Future Builders

Cultivating Futures


To explore how added interactivity could improve various  social or educational aspects to the natural history museum


Cultivating Futures is an interactive physical environment that teachers children ages 6-12 about future career possibilities in science. Digital projection, sensors, and chat bot technologies make up the core of this concept.


Brainstorming, concept development efforts were shared among team members. My efforts focused on developing the visual design and functionality of our interactive environment.

The Carnegie Museum of Natural History

Six week project for Interaction Design Studio course

Jeffrey Chou, Devika Khowala

Adobe After Effects, Illustrator, Photoshop, XD


How might we encourage children visiting the We Area Nature exhibit at the Carnegie Museum of Natural History to consider a future career in science?

Our project, Cultivating Futures is an interactive experience that engages with its users by asking them questions and learning about their interests. After a series of 5 questions, the algorithm matches the user with a career choice and displays an interactive video of a scientist role model.


The Carnegie Museum of Natural History’s exhibit, We Are Nature, deals with the Anthropocene, “the proposed epoch dating from the commencement of significant human impact on the Earth’s geology and ecosystems, including, but not limited to, anthropogenic climate change” – Wikipedia.

Our team explored this exhibit and felt that while the evidence presented was compelling, few suggestions were offered for ways in which we as individuals could begin to make a difference.

Cultivating Futures attempts to reach children and their parents/guardians who are exploring this exhibit. Many children may not be aware of future career trajectories in science, which can help our planet. Many children are aware of what an astronaut is, but how many have heard of a marine biologist or a wildlife conservationist? This project aims to connect that gap, to turn a child’s fascination with plants or animals into knowledge that there’s a future career out there that can allow them to work with what they love, and help the planet Earth at the same time.

While it’s likely that their interests will change and grow over time, we hope that this experience can plant a seed in their minds.



This concept encompasses an projected interactive environment. Users (aged 4-10) will walk through the space and answer a question about themselves at each stop along the way.

Both the questions and answers will be projected on the floor in front of the user.

Asking Questions


Shown above is a diagram of what each “Question Spot” along the way will look like.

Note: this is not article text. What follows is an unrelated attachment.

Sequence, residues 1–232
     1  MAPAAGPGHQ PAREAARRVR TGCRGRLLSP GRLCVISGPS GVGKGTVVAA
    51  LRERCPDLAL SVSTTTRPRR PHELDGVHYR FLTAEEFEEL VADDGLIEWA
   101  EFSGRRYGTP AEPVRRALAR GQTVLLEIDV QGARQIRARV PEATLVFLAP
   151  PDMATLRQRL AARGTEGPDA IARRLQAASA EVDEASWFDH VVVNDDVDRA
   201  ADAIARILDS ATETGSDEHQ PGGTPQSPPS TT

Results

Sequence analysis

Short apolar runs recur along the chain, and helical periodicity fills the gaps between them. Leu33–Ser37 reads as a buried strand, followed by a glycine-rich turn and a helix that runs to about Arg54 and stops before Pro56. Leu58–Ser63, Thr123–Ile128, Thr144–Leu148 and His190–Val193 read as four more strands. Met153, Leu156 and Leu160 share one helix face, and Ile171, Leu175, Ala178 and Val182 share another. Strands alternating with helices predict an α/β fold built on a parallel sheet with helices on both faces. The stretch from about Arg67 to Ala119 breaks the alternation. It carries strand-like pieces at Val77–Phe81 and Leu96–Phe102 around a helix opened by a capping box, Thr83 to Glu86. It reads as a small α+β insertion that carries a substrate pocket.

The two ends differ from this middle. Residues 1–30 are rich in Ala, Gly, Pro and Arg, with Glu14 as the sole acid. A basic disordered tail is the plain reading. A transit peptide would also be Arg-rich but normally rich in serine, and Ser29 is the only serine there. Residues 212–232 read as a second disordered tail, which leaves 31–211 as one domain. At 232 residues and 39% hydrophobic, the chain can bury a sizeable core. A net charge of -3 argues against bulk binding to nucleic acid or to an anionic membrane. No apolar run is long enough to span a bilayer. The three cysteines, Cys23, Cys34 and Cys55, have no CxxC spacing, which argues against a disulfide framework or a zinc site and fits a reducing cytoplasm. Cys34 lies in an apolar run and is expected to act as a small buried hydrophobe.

Large footprints in the main circle will indicate where to stand. The question and five answer choices will appear in front of the user.

To answer a question, the user will reach out with his or her foot and tap or step on the circle corresponding with their answer.

From there, the user will receive feedback and instructions telling them where to go next.

After the final question has been answered, the user will arrive at the podium at the front of the experience. They will be asked their name and have a photo taken.

Interaction Detail


Seeing the Results

After all of the questions are answered, our system will match the user with an appropriate profession. The user will be introduced to a professional from that field on the screen at the front of the experience. They will be also given an option to interact with a scientist from that field.


Take A Way

Lastly, the user will be given a card to take with them. The front of the card will display their name, suggested occupation, and their photo.

The back of the card will list a few relevant local organizations that the user and his or her family can contact for more information or to volunteer with.


Our team developed caricatures for eight different types of professional scientists to further engage with the user.


Experience Mock-up

Further Thoughts

Museums are a place for learning.
How does our activity inform museum visitors?

A realistic simulated conversation with a scientist adds value to the experience.
How might we incorporate chatbots, text to speech, and other technologies to further enhance this experience?

Kids react and respond to stimuli in a variety of ways.
Is utilizing text to speech and a touch interface the most effective way to engage with our audience?

Not every user will be a perfect user.
How can we prepare our system to work well with our target audience under unusual circumstances?